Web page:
Withrow Student and Refugee Wants Another Year of High School Soccer

  1. #1
    hoops5's Avatar
    Join Date
    Nov 10

    Withrow Student and Refugee Wants Another Year of High School Soccer

    Interesting article in the Enquirer. What are your thoughts?

    Out of the Congo

    Daniel Sumuni is certain of two things: He wants to go to college, and he must play soccer.

    He's 19 – or maybe 18, but we'll get to that – and a refugee from the Democratic Republic of Congo. He has political asylum here, meaning that the U.S. State Department determined that he and his family were in mortal danger there.
    He's a Withrow High School sophomore, by credits, but a soon-to-be senior if he passes his Ohio Graduation Tests.
    And, according to high school eligibility rules, Daniel is too old to play soccer this season. His birth certificate says he was born Jan. 1, 1996. Daniel's mom says he was actually born around August – she marked Jan. 1 as a placeholder when they entered this country since she couldn't remember the exact date – but she has no way to prove that.
    And the Ohio High School Athletic Association rules are clear: The date on the birth certificate is the one they'll use.
    So for now, Daniel waits. He goes to after-school tutoring and conditioning with his teammates twice a week, and on Friday, he and his coach, Tyler Barrott, sent a petition to OHSAA, hoping they'll make an exception.
    OHSAA has 30 days to respond. If it's a 'No,' Daniel, Barrott and the school's athletic director will appeal. If it's 'No,' again, that's it. Daniel will never again be allowed to play high school soccer.
    He'll stay in school and keep working hard, he said, but he won't be "well."
    "When I play soccer, I feel good," he said. "I really need to play soccer. ... I can't stay at Withrow and not play soccer."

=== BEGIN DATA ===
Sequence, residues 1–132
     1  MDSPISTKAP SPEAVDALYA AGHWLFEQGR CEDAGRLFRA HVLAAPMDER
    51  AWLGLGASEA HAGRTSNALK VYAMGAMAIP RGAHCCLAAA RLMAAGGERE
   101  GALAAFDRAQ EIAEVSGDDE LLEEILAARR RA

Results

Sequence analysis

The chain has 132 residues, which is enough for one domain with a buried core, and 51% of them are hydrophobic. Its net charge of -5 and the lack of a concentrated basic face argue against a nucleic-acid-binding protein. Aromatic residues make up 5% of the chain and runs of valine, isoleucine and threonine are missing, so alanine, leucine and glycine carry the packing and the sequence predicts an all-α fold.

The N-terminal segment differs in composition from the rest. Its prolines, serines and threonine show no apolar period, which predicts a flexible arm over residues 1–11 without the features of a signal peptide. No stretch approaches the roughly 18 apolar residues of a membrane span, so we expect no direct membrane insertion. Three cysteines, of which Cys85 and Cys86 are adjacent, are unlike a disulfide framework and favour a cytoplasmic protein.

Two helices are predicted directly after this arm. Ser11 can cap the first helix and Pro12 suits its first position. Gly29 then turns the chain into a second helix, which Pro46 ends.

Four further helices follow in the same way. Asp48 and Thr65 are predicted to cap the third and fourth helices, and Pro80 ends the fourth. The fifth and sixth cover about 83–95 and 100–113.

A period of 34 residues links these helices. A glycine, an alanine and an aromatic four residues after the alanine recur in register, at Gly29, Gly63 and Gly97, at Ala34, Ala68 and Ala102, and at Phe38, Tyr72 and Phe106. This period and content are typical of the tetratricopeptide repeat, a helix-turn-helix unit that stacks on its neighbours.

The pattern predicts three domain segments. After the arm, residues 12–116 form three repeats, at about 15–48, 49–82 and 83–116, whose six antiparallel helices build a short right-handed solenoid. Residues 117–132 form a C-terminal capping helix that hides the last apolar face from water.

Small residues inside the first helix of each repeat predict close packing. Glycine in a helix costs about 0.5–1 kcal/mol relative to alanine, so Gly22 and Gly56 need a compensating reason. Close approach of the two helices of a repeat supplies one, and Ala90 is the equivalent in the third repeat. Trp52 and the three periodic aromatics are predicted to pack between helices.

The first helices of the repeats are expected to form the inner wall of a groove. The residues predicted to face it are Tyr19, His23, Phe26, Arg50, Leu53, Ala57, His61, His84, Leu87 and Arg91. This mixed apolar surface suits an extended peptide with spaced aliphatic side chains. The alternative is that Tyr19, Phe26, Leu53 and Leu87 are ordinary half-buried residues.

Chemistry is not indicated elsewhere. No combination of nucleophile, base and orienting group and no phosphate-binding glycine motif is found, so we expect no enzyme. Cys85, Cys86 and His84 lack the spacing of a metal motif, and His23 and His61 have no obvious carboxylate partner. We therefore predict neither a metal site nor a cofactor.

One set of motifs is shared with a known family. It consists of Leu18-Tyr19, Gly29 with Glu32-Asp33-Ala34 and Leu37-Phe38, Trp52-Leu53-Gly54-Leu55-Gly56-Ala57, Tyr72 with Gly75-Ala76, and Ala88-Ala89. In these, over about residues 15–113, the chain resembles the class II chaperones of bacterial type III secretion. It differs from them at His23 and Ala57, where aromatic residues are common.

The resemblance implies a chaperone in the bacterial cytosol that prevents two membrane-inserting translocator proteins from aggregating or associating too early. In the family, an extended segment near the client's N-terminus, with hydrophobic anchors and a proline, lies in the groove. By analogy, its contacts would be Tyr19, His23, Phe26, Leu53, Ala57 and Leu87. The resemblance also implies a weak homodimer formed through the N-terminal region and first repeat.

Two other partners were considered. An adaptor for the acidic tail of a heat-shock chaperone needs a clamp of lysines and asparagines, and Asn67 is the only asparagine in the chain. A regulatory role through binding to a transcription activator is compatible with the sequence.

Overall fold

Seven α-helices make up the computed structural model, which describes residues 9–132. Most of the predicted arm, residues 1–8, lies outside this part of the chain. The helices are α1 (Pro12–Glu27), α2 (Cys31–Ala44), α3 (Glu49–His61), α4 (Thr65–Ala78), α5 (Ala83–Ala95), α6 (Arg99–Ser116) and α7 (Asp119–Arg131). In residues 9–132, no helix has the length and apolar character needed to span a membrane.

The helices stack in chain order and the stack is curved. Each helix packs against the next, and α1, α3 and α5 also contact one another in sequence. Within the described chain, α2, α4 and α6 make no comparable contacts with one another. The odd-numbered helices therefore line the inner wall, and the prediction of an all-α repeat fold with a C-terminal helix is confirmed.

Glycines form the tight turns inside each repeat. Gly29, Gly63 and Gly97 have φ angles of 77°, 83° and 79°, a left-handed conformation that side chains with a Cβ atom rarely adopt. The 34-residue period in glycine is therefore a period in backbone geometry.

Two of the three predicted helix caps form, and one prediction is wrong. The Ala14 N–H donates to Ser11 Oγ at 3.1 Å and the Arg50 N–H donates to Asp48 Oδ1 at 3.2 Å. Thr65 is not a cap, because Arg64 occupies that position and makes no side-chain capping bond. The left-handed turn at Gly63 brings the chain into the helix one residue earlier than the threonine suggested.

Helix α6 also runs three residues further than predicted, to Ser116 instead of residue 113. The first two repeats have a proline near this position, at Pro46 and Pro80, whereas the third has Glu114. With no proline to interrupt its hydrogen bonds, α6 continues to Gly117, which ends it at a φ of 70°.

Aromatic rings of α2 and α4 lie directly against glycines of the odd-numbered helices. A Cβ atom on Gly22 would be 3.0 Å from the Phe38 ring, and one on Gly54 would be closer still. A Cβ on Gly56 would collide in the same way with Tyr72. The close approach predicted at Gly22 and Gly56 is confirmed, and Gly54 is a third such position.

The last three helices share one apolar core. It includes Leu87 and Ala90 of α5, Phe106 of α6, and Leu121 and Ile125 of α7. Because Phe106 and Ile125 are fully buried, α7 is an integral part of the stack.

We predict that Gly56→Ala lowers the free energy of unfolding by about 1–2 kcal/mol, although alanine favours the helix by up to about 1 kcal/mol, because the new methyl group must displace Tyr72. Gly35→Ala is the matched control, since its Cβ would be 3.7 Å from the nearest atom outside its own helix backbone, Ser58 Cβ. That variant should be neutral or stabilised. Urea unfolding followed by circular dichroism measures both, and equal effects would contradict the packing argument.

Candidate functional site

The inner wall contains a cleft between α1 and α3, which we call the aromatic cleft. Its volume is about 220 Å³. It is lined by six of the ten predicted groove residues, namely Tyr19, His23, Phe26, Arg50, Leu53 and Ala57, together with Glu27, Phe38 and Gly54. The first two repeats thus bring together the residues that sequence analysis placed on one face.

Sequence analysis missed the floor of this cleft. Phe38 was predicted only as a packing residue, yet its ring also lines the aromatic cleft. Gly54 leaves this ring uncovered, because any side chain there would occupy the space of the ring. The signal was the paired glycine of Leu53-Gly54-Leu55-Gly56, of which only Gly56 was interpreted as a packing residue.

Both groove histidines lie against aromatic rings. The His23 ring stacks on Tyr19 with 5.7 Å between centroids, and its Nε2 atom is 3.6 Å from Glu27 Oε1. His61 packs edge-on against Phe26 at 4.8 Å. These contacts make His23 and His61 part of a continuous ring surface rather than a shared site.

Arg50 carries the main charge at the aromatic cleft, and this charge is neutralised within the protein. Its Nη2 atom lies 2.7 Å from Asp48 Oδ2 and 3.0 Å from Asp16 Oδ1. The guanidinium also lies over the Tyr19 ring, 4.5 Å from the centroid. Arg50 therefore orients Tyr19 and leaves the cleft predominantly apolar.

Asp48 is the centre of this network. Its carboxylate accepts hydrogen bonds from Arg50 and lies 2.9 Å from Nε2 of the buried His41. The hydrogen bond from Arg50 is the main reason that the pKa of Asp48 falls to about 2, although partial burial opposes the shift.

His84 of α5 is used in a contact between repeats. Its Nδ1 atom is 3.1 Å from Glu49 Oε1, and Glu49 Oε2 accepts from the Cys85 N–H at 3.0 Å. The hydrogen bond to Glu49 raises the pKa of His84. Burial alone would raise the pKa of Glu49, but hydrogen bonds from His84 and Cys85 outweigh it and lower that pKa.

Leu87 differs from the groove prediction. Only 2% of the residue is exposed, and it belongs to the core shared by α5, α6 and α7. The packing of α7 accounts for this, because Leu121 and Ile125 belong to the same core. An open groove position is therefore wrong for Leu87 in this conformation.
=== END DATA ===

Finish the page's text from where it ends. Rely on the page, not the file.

(Full article here.)

  2. #2
    Voice of Reason's Avatar
    Join Date
    Nov 08
    N. KY.

    I was just about to post this myself after reading it in the paper. It is a unique situation. In general, I am very opposed to bending this rule. However, in this situation and set of facts I would allow the young man to play soccer next year when he is 19.

  3. #3
    True blue (and gold)'s Avatar
    Join Date
    Oct 06
    "First, last and always, I am a teacher." - Jesse Stuart

    I feel for the young man, but one way or another there will have to be life after high school soccer, either this year or the next. Isn't there club or recreational soccer. Intramural soccer?

  4. #4
    capt278's Avatar
    Join Date
    Oct 08

    I understand this situation completely. My daughters are from Ethiopia. It is very, very difficult to get an accurate birth date on any child from a third world country. They don't have the record keeping systems in place that we do in the USA.

    If the parents wanted, they could go to court and get his birth date changed. We had to do that for one of our daughters. Didn't have to get the month or day changed, but the year. It was off by 2-3 years according to bone scans and the dentist.